Man Arrested For Using Strangers’ ICs To Make Unapproved Transactions

Have you rented vehicles online before and have been asked to pass your identity card to the person-in-charge? Well, you may not want to do that again in the future.

According to STOMP, a 34-year-old man was arrested on Monday (14 Oct) for allegedly using copies of other Singaporeans’ ICs by pasting his own photo over them to make various transactions.


He’ll be charged in court on Wednesday (Oct 16) with cheating by impersonation.

If found guilty, he could be jailed up to 5 years, or pay a fine, or both.

Perpetrator kept records of ICs since Dec 2018

Police said they received reports from people that a man was using their ICs for transactions without their knowledge between Dec 2018 and Sep 2019.

They said the man had kept their IC details, which he asked for when they requested to rent a car through him on an online platform.

After saving copies of his victim’s ICs, he proceeded to paste a picture of his face over their ICs and used photocopies of them to apply for things such as:

  • Bank loans
  • Renting accommodations
  • Telecommunication services registrations
  • Renting cars

Be careful when giving your personal details

Be it your IC, passport, phone number or anything personal information, please be careful of who you give them to.

Do keep in mind that it is illegal for companies to photocopy your ICs. This rule was enforced on 1 Sep 2019.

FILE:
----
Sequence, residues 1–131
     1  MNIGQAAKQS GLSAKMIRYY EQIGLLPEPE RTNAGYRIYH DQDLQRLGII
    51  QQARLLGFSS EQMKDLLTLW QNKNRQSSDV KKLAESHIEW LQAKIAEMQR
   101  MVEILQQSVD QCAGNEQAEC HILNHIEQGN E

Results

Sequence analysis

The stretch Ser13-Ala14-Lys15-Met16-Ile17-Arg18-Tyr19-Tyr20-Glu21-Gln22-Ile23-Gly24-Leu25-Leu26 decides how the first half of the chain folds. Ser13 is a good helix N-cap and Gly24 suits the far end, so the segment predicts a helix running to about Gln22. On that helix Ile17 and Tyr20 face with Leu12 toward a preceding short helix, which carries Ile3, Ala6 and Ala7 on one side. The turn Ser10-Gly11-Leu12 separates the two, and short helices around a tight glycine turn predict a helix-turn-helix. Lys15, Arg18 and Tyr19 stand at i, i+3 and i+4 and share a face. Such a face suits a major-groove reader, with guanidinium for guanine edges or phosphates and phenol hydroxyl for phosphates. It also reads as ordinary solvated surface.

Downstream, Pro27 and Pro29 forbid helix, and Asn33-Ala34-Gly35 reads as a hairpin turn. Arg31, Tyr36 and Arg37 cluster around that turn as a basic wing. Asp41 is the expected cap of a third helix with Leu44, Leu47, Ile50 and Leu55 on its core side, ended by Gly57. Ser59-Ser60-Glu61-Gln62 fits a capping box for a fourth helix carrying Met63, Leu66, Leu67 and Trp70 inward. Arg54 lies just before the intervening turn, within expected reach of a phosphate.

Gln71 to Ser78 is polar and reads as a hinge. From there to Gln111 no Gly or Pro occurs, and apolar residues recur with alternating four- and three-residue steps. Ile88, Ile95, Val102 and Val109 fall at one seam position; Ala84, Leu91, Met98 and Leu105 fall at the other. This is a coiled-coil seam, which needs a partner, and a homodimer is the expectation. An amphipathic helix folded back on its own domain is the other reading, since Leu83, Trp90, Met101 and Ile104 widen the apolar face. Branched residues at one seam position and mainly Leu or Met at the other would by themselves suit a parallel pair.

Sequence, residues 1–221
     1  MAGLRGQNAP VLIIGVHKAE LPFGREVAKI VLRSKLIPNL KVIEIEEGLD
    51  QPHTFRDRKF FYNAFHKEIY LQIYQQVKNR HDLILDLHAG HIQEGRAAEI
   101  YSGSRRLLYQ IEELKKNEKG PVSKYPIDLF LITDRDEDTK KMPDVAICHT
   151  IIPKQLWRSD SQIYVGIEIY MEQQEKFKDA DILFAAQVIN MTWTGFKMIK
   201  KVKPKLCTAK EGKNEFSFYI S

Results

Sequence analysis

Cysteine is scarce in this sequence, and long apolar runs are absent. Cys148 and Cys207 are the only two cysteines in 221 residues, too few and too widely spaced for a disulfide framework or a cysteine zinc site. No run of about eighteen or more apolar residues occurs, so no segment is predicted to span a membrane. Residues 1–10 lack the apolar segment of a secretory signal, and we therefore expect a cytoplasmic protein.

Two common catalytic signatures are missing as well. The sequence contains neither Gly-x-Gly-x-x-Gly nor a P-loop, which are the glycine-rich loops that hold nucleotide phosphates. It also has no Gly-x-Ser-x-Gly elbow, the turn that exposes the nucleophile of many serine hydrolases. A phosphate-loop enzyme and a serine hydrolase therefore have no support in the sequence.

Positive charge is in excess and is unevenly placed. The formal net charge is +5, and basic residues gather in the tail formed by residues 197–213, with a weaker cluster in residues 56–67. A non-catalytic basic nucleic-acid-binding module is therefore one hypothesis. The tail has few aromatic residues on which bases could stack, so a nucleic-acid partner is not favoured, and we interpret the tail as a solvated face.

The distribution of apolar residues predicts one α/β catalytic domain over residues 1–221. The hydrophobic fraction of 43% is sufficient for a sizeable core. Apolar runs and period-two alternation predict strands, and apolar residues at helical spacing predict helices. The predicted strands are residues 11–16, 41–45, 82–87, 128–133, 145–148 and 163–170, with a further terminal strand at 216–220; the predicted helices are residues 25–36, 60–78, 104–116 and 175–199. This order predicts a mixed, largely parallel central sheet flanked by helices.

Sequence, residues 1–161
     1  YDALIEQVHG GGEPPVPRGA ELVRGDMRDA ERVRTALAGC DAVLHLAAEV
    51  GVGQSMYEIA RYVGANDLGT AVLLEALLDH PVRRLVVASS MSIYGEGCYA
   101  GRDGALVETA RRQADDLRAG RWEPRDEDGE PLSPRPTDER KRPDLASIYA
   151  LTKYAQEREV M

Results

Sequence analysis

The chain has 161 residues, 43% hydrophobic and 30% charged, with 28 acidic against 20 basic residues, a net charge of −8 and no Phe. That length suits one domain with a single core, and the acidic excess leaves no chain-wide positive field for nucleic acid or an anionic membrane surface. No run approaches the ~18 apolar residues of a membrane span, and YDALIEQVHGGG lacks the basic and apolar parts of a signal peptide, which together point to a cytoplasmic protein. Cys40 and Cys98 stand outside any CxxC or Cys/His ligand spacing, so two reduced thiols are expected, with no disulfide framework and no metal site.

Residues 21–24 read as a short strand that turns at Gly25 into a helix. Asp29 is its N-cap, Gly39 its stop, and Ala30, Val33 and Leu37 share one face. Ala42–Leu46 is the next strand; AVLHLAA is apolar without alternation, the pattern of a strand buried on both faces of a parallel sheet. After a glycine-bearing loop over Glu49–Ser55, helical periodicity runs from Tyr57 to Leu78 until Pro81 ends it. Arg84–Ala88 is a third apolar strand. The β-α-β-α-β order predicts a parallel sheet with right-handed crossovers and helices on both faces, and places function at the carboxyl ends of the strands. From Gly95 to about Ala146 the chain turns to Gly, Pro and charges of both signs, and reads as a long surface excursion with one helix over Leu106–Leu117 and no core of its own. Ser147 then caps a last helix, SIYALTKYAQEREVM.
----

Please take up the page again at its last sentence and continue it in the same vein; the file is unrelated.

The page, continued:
This means that private organisations can no longer attain, utilise or share your IC details. Making copies of your IC and even holding it is also not be allowed. This guideline, however, does not apply to government and public agencies.

Here are instances where it’s legal to share your NRIC details:

  • New phone line subscriptions
  • Making a doctor’s appointment
  • Checking into a hotel
  • Healthcare transactions
  • Financial, real estate transactions

Find other ways to provide information

Sending your IC or passport details to unknown people is not a risk you have to take. Instead, you and the other party can come up with an alternate solutions. For example, exchanging phone numbers and placing a cash deposit may sometimes suffice.

All in all, remember that your IC can be used for many things and if it falls into the wrong hands, things may get sticky for you.

Featured image adapted from Young Parents.